Finding an oncologist who listens to you and understands your personal needs is an essential part of finding the right treatment plan, Becky explained. “They’re all compassionate people, they’re all very empathetic,” she said. “But we have to look for someone that our personality can relate to.”

Also important, though, is being a communicative self-advocate and standing firm on what you do and don’t want. At one point, Becky tried chemotherapy but found the side effects to be intolerable — so she let her oncologist know. “I said, ‘I just can’t do this. I was in bed for three days,’ and he said, ‘OK, let’s just switch it out. We’re not going to do it anymore,’” she said.

Becky is now on a treatment plan that allows her to live her life on her terms. Though she’s no longer able to work full time as a teacher like she used to, she volunteers three days per week at the school, helps with a refugee program, is active with several breast cancer support groups, and makes time for family, friends, and daily walks to the park or beach with her dog.

Her active lifestyle is a testament to her resilience and commitment — and also to a strong relationship with her health care team that’s built on clear, honest communication. “I’ve asked my doctor, my oncologist, and my radiologist more than once, ‘What would you do if it was your wife or your mother?’ And they’re always very honest," she said.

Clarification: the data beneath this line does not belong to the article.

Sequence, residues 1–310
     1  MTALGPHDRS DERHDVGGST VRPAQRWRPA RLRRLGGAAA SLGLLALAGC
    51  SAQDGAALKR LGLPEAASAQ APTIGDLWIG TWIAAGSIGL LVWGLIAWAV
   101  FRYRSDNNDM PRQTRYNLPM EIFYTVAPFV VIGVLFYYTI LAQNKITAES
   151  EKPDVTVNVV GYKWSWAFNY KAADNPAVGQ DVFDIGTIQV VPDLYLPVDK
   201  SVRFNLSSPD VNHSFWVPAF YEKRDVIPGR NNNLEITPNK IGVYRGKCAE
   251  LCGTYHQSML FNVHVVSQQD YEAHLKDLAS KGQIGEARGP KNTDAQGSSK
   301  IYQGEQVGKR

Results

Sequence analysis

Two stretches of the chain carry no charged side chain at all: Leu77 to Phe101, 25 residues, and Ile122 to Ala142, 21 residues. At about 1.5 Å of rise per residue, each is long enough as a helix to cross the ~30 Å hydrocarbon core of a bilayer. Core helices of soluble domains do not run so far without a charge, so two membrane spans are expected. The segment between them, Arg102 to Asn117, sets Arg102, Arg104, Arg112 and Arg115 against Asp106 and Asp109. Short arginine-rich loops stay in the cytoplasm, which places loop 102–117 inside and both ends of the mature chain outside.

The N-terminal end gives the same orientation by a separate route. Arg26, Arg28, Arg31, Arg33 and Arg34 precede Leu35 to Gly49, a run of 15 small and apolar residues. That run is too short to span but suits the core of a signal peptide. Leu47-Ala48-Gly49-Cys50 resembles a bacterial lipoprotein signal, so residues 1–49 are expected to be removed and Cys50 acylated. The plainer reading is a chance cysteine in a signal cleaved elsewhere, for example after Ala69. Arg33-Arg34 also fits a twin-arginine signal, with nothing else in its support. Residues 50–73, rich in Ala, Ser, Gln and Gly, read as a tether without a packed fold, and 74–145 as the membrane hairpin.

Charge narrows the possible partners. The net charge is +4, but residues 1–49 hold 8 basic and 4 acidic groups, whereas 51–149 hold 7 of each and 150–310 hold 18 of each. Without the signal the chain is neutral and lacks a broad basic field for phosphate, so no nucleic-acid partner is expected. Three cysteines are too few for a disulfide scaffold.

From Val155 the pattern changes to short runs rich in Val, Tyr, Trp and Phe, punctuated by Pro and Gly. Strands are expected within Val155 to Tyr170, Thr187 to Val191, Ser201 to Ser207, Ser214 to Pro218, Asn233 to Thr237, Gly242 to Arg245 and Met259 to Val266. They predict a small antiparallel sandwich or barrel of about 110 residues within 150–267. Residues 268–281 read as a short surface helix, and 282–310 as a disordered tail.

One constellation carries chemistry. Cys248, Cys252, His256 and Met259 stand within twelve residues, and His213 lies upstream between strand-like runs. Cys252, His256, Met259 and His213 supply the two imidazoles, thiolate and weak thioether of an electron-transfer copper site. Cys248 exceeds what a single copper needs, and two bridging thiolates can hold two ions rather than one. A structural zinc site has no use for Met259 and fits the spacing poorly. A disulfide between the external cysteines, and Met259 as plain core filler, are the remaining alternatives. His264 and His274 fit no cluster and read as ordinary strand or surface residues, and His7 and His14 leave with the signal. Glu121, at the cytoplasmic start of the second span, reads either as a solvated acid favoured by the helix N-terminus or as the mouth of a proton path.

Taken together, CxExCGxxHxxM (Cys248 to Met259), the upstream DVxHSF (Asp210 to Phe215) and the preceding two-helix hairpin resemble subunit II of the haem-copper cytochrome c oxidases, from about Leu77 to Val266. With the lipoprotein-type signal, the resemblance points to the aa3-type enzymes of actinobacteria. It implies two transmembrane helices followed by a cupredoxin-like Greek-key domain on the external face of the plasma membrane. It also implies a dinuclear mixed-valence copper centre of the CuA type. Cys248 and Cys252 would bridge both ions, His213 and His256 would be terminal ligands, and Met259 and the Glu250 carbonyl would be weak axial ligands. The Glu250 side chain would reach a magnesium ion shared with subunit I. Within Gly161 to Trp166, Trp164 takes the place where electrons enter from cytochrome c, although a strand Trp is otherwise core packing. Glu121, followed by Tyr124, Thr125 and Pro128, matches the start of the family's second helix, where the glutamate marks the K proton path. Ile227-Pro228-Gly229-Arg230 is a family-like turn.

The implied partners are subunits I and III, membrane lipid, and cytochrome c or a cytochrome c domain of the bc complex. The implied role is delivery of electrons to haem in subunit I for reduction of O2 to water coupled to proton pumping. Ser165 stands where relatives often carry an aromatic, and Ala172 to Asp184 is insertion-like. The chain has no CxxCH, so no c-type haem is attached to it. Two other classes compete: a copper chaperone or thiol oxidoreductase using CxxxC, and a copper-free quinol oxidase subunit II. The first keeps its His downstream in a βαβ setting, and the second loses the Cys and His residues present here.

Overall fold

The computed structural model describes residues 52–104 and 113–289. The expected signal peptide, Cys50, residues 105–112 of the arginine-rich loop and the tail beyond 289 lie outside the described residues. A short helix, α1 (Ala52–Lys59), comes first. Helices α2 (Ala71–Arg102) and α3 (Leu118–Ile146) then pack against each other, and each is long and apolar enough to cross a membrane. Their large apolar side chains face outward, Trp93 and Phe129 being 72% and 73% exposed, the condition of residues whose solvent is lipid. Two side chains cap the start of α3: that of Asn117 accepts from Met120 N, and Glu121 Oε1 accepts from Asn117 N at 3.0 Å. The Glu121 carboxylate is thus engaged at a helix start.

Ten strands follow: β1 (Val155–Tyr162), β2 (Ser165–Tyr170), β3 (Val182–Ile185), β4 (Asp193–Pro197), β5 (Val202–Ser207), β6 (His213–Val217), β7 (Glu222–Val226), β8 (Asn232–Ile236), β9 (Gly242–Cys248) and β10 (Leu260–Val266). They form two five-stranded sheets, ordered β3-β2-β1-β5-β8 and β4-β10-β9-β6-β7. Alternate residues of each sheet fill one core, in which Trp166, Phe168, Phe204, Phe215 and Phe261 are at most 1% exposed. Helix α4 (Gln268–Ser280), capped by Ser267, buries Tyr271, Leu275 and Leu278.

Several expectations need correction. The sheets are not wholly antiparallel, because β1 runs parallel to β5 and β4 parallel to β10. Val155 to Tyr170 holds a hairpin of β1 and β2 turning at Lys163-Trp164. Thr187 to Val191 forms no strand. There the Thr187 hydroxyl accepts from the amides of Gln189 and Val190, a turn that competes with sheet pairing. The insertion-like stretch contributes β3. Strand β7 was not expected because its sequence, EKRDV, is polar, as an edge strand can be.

Becky’s advice to anyone who doesn’t think they’re getting the best care from their doctors is to “just keep shopping.” Similarly, she noted that the breast cancer treatment landscape has evolved significantly in recent years, which means people have more options. She recommended others remain open to starting a new treatment — and also open to switching if that treatment doesn’t work. “Put a little time limit on you and just move forward with it,” she said. “And what works for you works for you. If it’s not working for you, go on to the next treatment.”

Find Your Team

On MyBCTeam, the social network for people with breast cancer and their loved ones, more than 69,000 members come together to ask questions, give advice, and share their stories with others who understand life with breast cancer.

How is your relationship with your oncologist and the rest of your health care team? What advice do you have for others? Share your experiences in the comments below, or start a conversation by posting on your Activities page.

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In 2018, Becky’s HER2-positive breast cancer diagnosis took a turn for the worse when back pain led to the discovery that the cancer had spread to her bones.

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Becky finds ways to balance her metastatic breast cancer treatments with volunteer work, traveling, and socializing with friends and family.

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Posted on March 29, 2024
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Ted Samson is a copy editor at MyHealthTeam. Learn more about him here.